"I ain't the dying type."

Reader, writer, soldier.

The question I was responding

The question I was responding to was how wages can rise from an increase in the labor supply. And I didn't hire some random illegal immigrant to do my yard. And the fact that my wages are taxed doesn't change the fact that I'm now earning more than I otherwise would have. The fact that I'm not paying my neighbor's kid to do my yard is irrelevant to me - if he offered a lower price for the same quality I would have chosen him. An immigrant with only a TIN does not qualify for the EITC so at worst he's paying no taxes.


I used to work for a landscaper and yard service. I saw how guys who owned yard service companies hired illegal immigrants and drove out the guys who hired young American workers. The guys who hired illegals charged lower prices for something that was already cheap. Once the legal guys were driven out, then prices were free to rise to what they were before, with the owners pocketing the difference. But instead of having teenagers and college students mowing lawns, you had a whole lot of poor immigrants mowing lawns and raking leaves for less than minimum wage, and those immigrants often had kids who were receiving government aid and were in the public school system.

"I ain't the dying type."

Reader, writer, soldier.

I don't get how any of this

I don't get how any of this matters or how this contradicts what I was saying.

I was challenged to explain how an increase in labor supply can raise wages, and I gave an explanation.

Are you advocating for a government policy that artificially increases the wages of low skill labor in order to protect certain people's jobs? Besides that being a misguided policy, that wasn't the question I was responding to.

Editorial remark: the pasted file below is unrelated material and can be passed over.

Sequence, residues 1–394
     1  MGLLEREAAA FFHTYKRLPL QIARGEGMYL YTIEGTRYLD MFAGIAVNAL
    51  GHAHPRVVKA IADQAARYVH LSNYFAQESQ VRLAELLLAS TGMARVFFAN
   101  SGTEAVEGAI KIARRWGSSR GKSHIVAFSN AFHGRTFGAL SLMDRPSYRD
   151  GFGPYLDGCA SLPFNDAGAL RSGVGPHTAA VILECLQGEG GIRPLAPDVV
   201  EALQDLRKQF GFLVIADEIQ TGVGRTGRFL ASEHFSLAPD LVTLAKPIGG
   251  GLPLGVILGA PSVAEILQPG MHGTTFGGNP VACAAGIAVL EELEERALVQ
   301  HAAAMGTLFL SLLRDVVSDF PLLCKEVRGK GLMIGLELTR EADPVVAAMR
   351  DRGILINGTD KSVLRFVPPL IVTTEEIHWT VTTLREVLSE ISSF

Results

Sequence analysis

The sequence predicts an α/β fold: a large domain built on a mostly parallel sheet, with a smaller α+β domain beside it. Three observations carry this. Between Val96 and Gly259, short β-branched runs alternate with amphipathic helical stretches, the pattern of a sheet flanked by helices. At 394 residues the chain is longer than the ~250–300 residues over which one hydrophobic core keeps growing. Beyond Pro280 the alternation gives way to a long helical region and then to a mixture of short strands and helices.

Were your wages raised or are

Were your wages raised or are you making more money by earning wages on the weekend instead of raking your own leaves?

What your anecdote describes to me is someone who is paying less money to an immigrant which increases costs on the rest of us because that low paid immigrant is more likely to be using social services that are paid for by tax payers. The lower paid immigrants also tend to vote for politicians who support expanding the welfare state.

I think immigration is out of control in this country and we should have a moratorium on all immigration and start defending our own borders instead of fighting wars overseas. I think mass immigration policy is a tool central bankers are using to break down national sovereignty and bring about global governance and a global proletariat. They are using mass immigration to undermine our Constitution, lower our standard of living and end our sovereignty as an independent nation and people.

"I ain't the dying type."

Reader, writer, soldier.

My "wages" are higher now

My "wages" are higher now (really my salary divided by number of hours worked).

Let me once again state that all this other stuff about who immigrants vote for, whether they receive government benefits, etc., is all irrelevant to the question as posed by the OP. But it seems like you really want to discuss these other effects of immigration.